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Specific protein may help predict cancer spread
February 1st, 2011
12:19 PM ET

Specific protein may help predict cancer spread

If a tumor has high levels of a certain enzyme or protein, it could tell doctors if the cancer will spread,  at least in some cancers, according to very early research published Tuesday.

Researchers at the National Institutes of Health and in Hong Kong tested tumors from two completely different types of cancer: liver as well as pheochromocytoma and paragangliomas, which are rare forms of adrenal cancer.  When they tested for the presence of a new form of the protein carboxypeptidase E called CPE-delta N, they found patients whose tumors had high levels of CPE-delta N were more likely to have their cancers spread to other parts of the body.

"If you can identify a patient in the early stages [of cancer] who's at high risk for progression of disease, one can modify their therapy," says Dr. Stephen Hewitt, a staff scientist at the National Cancer Institute and one of the study authors.

It's important to emphasize that this is still very early research. "This test is not something that patients can go and obtain through other sources at this time," says Hewitt. That's because more research and clinical trials with many more patients are needed to verify what these researchers have found in the small groups of patients studied so far.

For example, researchers report on a group of 18 patients with stage 2 liver cancer. "These patients will normally be told by their physicians that their cancers are not likely to recur and they do not receive further treatment after the surgery" says Y. Peng Loh, a senior investigator at the Eunice Shriver National Institute of Child Health and Human Development. Loh explains when these patients' tumors were tested for CPE-delta N, 5 had very high levels of the protein and in 4 patients the cancer was found to have spread 2 years after their surgery. She suggests the test that was used to determine these protein levels can better predict the aggressiveness of a tumor and help researchers determine which patients need to be more closely watched after surgery.

Dr. Karel Pacak, also of the Eunice Shriver National Institute of Child Health and Human Development, looked at the rare adrenal cancers pheochromocytoma and paraganglioma. He says they can be very dangerous because they release excess amounts of epinephrine and norepinephrine - hormones that regulate heart rate and blood pressure. "These hormones can be truly devastating to our patients because they are affecting many organs and especially cardiovascular systems."  Pacak says many of these patients may end up with heart attacks, stroke or severe or lethal irregular heartbeats. When researchers looked at tumors from 14 patients with these rare cancers, they found that the cancer spread in all of the patients with very high levels of CPE-delta N.  Those with low levels did not see their cancer metastasize.  Pacak is convinced larger clinical trials with more patients will confirm the results of this study.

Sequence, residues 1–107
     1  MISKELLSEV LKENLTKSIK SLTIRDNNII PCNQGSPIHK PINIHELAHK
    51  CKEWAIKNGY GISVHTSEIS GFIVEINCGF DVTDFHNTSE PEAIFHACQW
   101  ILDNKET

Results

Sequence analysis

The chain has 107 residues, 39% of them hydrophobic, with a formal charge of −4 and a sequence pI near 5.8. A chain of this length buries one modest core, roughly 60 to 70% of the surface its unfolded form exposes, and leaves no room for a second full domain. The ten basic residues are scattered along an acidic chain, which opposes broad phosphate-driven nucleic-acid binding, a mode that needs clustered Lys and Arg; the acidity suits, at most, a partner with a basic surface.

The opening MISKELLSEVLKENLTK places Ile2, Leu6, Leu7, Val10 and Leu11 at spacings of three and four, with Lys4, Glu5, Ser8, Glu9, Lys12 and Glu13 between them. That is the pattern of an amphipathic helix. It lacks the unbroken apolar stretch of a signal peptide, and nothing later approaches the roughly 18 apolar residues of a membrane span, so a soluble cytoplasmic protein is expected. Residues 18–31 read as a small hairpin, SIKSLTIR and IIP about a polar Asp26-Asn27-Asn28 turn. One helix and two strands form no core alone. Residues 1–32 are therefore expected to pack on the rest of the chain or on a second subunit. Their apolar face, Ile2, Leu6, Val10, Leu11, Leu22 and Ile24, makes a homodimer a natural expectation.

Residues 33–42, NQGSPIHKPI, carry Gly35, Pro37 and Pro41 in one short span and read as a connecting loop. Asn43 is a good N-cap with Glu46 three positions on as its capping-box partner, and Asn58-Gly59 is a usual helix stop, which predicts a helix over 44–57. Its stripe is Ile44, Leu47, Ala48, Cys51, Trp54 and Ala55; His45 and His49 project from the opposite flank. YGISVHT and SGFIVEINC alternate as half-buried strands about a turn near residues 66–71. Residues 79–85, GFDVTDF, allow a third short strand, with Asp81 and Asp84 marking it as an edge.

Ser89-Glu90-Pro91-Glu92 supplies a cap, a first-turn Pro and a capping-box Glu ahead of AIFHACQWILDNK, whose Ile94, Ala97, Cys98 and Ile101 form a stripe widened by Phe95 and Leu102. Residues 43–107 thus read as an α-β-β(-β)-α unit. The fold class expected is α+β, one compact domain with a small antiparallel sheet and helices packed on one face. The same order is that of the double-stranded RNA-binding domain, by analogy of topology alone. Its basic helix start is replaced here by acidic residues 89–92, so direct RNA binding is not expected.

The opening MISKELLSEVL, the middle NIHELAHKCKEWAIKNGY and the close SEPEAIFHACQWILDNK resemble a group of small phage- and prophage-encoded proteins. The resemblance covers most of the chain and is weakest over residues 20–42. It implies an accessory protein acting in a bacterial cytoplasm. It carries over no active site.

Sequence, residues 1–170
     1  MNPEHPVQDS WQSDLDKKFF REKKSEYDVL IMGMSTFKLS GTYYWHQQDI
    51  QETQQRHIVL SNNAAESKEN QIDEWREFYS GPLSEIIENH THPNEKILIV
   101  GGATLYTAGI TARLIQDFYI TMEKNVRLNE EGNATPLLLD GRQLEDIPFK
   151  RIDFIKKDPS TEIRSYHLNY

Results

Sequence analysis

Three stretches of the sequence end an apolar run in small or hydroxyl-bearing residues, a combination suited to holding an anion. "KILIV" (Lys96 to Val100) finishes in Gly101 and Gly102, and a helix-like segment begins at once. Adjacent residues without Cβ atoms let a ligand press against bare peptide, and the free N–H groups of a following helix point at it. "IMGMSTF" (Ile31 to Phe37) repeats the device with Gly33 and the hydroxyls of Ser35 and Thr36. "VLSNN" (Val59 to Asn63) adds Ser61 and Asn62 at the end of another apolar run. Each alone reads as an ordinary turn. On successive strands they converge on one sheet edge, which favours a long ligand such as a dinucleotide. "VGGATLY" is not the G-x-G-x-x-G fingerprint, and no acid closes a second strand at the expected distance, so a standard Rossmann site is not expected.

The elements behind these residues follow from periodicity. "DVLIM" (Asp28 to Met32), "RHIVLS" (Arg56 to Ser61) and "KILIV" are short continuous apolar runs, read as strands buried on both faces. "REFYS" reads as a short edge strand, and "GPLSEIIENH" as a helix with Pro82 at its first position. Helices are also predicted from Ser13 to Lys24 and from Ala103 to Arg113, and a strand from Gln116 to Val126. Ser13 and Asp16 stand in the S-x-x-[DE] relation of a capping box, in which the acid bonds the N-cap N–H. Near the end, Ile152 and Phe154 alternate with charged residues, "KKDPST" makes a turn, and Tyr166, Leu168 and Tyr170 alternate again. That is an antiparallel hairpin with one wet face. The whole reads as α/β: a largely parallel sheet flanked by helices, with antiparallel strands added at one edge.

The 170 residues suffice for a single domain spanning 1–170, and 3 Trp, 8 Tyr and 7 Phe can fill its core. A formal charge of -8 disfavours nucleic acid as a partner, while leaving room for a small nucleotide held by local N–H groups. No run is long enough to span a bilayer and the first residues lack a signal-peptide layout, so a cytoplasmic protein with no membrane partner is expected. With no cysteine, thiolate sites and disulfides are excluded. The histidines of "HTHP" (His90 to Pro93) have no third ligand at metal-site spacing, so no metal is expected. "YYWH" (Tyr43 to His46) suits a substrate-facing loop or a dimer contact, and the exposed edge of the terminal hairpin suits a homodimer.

This isn't the first biological marker that was found to predict cancer spread, but the others didn't pan out. Hewitt says the testing in this study was very rigorous and he believes since the biomarker was found in two completely different types of cancer, "that may be something that separates this biomarker from many of the other biomarkers that were previously identified, which are usually in a single tumor."

The researchers hope more research on this enzyme will lead to the development of treatments to block CPE-delta N to prevent cancer from spreading in future patients.

The study published in the Journal of Clinical Investigation.


soundoff (One Response)
  1. Bill

    Step by step, ever so slowly gains are being made in the treatment of cancer. Maybe some day the word 'cure' will be used for all cancers. Right now early detection the best we have. However, many people could save or extend their lives if they would just get tested for prostate, cervical, breast, colorectal etc. cancers and they don't do it. Why they do not do it is a mystery to me.

    A PSA saved my life.

    February 1, 2011 at 16:19 | Report abuse | Reply

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Get a behind-the-scenes look at the latest stories from CNN Chief Medical Correspondent, Dr. Sanjay Gupta, Senior Medical Correspondent Elizabeth Cohen and the CNN Medical Unit producers. They'll share news and views on health and medical trends - info that will help you take better care of yourself and the people you love.